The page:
Leading the radar modernization work is electrical engineer Gustavo Sukadolnik, 33, manager of systems engineering. “I started working at Omnisys in 2008, updating the embedded software and control board on the tracking radars it had developed. We were chosen to update the equipment in French Guyana and France due to the knowledge we had accumulated over the years. We have never built a tracking radar from scratch, but we have this capability because we know how to develop all the needed sub-systems,” says Sukadolnik. The researcher, who has traveled to France 25 times in the last five years to supervise the radar updating work, also coordinates the seeker project team. This radar, he explains, starts operating only after the missile is launched, in the final approach to the target. “If the ship moves, the role of the seeker is to adjust the route of the missile so that it hits its target.”
Omnisys’ radar manufacturing experience began in 2005, when it became the first company in Brazil and Latin America to develop a kind of Doppler weather radar operating in the S band, with a range of up to 400 kilometers. The project received funding from the FAPESP Innovative Research in Small Businesses Program (Pipe) three times, and once from the Program to Support Research in Small Business (Pappe-Pipe), a partnership between the Foundation and the Brazilian Innovation Agency (Finep). The difference between a Doppler radar and a conventional one is that the former is able to determine the intensity of the meteorological phenomena. It can measure the speed and direction of clouds and rain—whereas a conventional radar determines only the volume of rainfall in a given location and has an average range limited to 100 km (see Pesquisa FAPESP Issue No. 117).
Electrical engineer Carlos Mitikami, 36, head of the Omnisys microwave and analog circuit department, was one of four researchers responsible for the Doppler radar project. “My first job at the company was to make small modules for the tracking radar at the Alcântara center. They track the rocket launch and check that it is on the programmed path. When we finished the project, I started working on developing the Doppler radar receiver,” says Mitikami. “We need to keep constantly up to date because we develop products that are made by a only a few companies in the world.” Before joining Omnisys, he worked at Ericsson in São José dos Campos, in the state of São Paulo.
Omnisys has also obtained Finep approval for several other projects. In 2006 it designed and built a new generation of radars for civil and military air traffic control, with the effective transfer of technology from Thales. Since then, it has manufactured 30 units, which were sold to the Brazilian government and exported to Latin America, Europe and Asia—in all, Omnisys has sold its products to customers in nine countries, including Mexico, Argentina, Pakistan and France. Omnisys’ newest endeavor is the development of sonar equipment. “We are establishing the first center of excellence in underwater acoustics in Brazil. To this end, we are bringing in employees from France who will assemble the team and provide training,” says Lionel Collot. According to him, an international program called Cifre-Brasil was created this year, involving the National Council for Scientific and Technological Development (CNPq) and its French counterpart—the Agence National pour la Recherche Technologique (ANRT)—with the objective of training doctoral students in this field. “Two Brazilian researchers will be sent to France to obtain doctorates in 2014. While there, they will have contact with Thales, and when they return to Brazil they will work at Omnisys” says the company’s engineering director. To train its employees, Thales has five research and technology centers around the world, in Singapore, France, Canada, the UK and the Netherlands, in addition to a training center, Thales Université, near Paris. The company has a portfolio of over 5000 products and 13,000 patents—350 of them obtained in 2012.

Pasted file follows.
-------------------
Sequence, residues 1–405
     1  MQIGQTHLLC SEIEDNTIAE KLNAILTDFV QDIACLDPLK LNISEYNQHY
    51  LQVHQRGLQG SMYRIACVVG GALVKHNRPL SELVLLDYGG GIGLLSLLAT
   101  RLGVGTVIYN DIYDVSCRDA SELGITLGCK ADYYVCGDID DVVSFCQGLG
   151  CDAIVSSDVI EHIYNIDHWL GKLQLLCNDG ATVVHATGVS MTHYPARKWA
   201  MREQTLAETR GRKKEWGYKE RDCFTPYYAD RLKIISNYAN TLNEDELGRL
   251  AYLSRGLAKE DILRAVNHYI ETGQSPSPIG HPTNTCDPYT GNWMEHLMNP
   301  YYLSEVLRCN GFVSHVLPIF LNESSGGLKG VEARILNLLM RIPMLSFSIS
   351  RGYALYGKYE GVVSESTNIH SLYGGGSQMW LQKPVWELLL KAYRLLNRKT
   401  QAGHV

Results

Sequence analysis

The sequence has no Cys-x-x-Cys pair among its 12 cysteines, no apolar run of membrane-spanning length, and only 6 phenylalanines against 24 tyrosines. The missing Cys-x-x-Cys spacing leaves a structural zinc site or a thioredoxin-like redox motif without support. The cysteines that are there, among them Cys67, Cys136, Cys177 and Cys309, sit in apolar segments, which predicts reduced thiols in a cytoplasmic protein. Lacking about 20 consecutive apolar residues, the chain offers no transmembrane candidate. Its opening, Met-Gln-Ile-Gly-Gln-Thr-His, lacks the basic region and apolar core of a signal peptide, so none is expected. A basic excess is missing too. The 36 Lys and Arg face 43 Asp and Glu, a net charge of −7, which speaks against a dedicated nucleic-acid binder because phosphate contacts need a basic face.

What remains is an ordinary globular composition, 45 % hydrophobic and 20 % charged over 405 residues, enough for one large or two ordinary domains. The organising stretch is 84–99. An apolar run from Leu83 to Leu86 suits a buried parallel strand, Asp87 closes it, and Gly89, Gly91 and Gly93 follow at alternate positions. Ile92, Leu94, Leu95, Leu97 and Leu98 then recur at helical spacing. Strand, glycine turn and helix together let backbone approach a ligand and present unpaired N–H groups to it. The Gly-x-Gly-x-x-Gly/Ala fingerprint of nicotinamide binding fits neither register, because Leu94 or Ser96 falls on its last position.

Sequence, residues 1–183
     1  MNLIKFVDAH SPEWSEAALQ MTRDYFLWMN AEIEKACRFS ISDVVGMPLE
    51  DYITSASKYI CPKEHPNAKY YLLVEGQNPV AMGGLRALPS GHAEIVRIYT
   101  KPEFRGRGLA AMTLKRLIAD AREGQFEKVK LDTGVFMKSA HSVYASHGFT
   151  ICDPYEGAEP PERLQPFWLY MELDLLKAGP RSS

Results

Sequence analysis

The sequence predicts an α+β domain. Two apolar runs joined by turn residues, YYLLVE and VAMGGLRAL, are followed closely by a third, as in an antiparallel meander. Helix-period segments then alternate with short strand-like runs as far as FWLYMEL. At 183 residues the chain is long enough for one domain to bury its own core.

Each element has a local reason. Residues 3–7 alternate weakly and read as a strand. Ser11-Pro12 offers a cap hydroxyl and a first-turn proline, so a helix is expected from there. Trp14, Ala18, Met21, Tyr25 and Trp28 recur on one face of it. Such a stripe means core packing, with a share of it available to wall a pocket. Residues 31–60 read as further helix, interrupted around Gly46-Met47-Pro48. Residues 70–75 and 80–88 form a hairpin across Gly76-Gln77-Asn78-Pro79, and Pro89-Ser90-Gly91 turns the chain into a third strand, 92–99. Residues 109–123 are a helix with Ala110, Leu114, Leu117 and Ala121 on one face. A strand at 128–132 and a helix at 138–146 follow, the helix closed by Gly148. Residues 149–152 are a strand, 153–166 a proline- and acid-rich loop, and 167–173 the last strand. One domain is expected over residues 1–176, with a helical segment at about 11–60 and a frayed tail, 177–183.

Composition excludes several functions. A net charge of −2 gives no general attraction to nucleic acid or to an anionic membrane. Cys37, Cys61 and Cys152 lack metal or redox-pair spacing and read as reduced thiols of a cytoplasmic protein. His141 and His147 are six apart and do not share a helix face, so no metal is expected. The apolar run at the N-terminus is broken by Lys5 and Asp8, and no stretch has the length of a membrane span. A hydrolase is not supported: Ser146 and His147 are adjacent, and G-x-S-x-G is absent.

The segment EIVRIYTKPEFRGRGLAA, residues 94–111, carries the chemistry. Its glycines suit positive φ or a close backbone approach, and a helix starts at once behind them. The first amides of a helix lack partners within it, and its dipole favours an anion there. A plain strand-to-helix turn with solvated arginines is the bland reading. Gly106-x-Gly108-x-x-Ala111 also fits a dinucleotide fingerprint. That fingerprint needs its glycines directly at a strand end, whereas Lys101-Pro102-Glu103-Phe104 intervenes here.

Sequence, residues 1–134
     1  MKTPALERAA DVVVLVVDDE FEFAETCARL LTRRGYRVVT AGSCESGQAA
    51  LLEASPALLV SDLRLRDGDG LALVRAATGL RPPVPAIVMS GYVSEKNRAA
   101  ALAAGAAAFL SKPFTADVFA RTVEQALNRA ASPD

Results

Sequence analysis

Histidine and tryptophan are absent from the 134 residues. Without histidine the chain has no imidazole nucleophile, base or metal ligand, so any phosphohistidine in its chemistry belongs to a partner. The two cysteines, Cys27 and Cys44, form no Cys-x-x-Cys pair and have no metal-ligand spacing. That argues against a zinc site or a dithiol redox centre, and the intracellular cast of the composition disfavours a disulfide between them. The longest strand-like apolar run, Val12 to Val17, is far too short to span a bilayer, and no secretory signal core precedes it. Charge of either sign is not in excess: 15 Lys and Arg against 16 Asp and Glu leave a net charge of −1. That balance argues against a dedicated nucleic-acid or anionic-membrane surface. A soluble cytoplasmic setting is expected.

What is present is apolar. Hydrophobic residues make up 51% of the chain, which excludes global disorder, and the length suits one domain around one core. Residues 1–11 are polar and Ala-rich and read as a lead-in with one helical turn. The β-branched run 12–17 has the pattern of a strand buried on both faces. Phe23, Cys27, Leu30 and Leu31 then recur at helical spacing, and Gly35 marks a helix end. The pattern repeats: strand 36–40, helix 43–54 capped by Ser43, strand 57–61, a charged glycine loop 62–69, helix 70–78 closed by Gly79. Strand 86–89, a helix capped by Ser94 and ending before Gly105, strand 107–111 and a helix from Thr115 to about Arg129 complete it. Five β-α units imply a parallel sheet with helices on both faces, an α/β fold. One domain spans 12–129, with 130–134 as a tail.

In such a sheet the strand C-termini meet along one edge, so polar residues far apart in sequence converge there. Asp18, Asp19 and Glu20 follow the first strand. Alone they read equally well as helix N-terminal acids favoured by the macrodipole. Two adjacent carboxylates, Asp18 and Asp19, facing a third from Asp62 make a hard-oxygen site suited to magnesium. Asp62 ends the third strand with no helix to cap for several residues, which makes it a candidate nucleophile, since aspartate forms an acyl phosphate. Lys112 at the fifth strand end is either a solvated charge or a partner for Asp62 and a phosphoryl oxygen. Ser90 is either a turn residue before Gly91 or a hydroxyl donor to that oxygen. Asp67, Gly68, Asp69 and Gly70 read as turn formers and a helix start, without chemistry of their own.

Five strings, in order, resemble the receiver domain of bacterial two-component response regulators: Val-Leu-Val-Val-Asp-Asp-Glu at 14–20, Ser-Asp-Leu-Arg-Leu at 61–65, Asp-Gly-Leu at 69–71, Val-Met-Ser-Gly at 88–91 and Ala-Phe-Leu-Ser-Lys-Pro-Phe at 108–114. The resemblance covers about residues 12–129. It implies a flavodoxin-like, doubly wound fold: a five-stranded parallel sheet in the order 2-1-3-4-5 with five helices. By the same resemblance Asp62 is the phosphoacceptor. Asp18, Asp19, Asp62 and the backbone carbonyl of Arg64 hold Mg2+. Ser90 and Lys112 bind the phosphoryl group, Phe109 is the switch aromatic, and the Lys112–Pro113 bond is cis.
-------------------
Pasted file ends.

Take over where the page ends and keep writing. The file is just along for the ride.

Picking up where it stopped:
1. S-band transmitter for Doppler meteorological radar system (02/07909-0); Grant Mechanism Innovative Research in Small Businesses Program (Pipe); Coord. Jean Claude Lamarche, Omnisys; Investment R$ 167,228.00 (FAPESP).
2. Set of S-band antennas for Doppler meteorological radar (02/07910-8); Grant Mechanism Innovative Research in Small Businesses Program (Pipe); Coord. Luiz Manoel Dias Henriques, Omnisys; Investment R$ 286,804.60 (FAPESP).
3. S-band receiver for Doppler meteorological radar (02/07911-4); Grant Mechanism Innovative Research in Small Businesses Program (Pipe); Coord. Jorge Hidemi Ohashi – Omnisys; Investment R$ 250,092.40 (FAPESP).
4. Set of S-band antennas for Doppler meteorological radar (04/13928-2); Grant Mechanism Pappe-Pipe – Program to Support Research in Small Business; Coord. Luiz Manoel Henriques, Omnisys; Investment R$ 498,400.00 (FAPESP).